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Keeping Benchwork Exciting

Published April 8, 2013 6:02 AM by Scott Warner

The other day after I explained a change in microbiology an employee told me, “That’s three times you’ve used the word ‘exciting.’ That’s not a word I would use.” This was said in good humor, but the point is valid. Slogging out results day in and day out, thousands a year, can be tedious. How do we keep benchwork exciting?

While the question is closely related to motivation, camaraderie, culture, and other workplace conditions, it’s much simpler. It boils down to what keeps the hands on work of producing lab results exciting. A love of medical technology seems like a prerequisite to me.

Other than loving technology, it’s difficult to speculate why someone would find labwork exciting after years of doing it. And in fact many don’t. Techs get burnt out,exhausted, fed up, and ultimately disillusioned enough to quit the profession. But I’ve stuck with it for many years and like my colleagues still find a lot to be excited about.

Here are a few ideas to keep benchwork exciting:

  • Read. Textbooks, trade magazines, websites, and resources like UpToDate are good sources of continuing education. The more you know about the technology and how it’s applied, the better.
  • Get involved. Other professions are a good source of interest. It’s helpful, for example, to audit nursing when they administer blood to learn the care side of transfusion medicine. This kind of information can help improve your processes and improve patient care.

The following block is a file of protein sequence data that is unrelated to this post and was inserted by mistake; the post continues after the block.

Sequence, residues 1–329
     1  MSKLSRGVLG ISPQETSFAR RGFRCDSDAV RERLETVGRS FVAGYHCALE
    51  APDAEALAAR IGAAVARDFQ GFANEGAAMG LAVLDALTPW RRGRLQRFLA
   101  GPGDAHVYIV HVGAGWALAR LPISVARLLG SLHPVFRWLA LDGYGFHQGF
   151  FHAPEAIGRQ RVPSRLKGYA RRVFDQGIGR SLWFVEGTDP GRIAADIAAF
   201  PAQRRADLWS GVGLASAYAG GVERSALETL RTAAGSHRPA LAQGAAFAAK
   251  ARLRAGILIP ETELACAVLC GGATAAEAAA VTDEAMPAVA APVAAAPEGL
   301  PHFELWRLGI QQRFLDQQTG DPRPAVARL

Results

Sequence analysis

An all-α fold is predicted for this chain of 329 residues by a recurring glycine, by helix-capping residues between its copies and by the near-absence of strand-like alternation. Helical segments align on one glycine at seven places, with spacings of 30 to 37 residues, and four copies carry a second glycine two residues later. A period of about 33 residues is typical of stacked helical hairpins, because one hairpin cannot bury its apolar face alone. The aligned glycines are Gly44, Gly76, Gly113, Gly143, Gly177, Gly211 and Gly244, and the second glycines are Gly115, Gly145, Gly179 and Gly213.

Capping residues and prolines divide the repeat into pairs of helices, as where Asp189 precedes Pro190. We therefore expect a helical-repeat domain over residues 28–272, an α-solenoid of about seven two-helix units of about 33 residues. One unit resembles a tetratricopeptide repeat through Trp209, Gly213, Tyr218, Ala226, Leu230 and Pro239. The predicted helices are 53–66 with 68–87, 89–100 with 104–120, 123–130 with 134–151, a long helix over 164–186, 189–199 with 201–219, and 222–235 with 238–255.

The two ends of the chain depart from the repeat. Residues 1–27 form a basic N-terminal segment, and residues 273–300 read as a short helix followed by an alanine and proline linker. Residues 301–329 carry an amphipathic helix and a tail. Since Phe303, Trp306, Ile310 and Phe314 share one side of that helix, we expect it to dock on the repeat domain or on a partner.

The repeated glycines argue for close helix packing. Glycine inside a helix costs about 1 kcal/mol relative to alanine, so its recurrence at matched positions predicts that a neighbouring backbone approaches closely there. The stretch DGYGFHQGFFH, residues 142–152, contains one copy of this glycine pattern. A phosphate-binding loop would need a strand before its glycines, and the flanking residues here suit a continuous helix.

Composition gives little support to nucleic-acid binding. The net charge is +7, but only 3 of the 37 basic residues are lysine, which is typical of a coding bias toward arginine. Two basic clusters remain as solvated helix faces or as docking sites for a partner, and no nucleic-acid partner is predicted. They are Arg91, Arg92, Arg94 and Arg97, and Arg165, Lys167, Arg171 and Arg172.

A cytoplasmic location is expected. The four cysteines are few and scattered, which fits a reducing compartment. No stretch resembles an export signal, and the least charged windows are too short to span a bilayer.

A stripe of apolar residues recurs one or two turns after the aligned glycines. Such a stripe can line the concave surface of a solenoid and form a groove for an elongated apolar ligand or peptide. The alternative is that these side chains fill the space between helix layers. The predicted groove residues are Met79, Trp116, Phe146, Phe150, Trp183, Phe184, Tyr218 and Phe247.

• Look beyond. I’ll admit, it can be tedious to churn out CBCs all day, but you can always look beyond a single result. Values and smear reviews can be correlated with information from other departments or a diagnosis. You can always dig a little deeper to find out more.

But that’s just me. I lean towards a curiosity and desire to improve things. I can easily imagine other factors: helping colleagues, personal productivity, multitasking. I know a tech who whistles while she multitasks, happiest when she has three or four tests cooking at once. Is that exciting? Perhaps.

How about you? What keeps your benchwork exciting?

NEXT: Why Fasting?



Thanks for your comments!  You've hit upon it, I think.  Passion has to be fueled by genuinely enjoying and liking the work!

Scott Warner May 6, 2013 6:02 AM

Thank you Scott for your ideas about keeping the bench exciting.

I work in a community hospital setting with five other full-time Micro "geeks".  Many of us are lifers in micro.  We love it.  Everyday is the same yet some how different.  It is hard to explain to someone who does not share our Micro passion.  This is most evident when trying to train someone new.  They have to like it first.

Reading the latest articles and updates are a great way to stay fresh.  Webinars can be helpful when time allows, along with professional convention settings.  And lets not forget the students.  What an excellent way to share by teaching the next wave of laboratory professionals.

Theresa Linstrom, Microbiology - MT, Emerson Hosp. April 30, 2013 9:06 AM
Concord MA

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About this Blog

    Scott Warner, MLT(ASCP)
    Occupation: Laboratory Manager
    Setting: Critical Access Hospital
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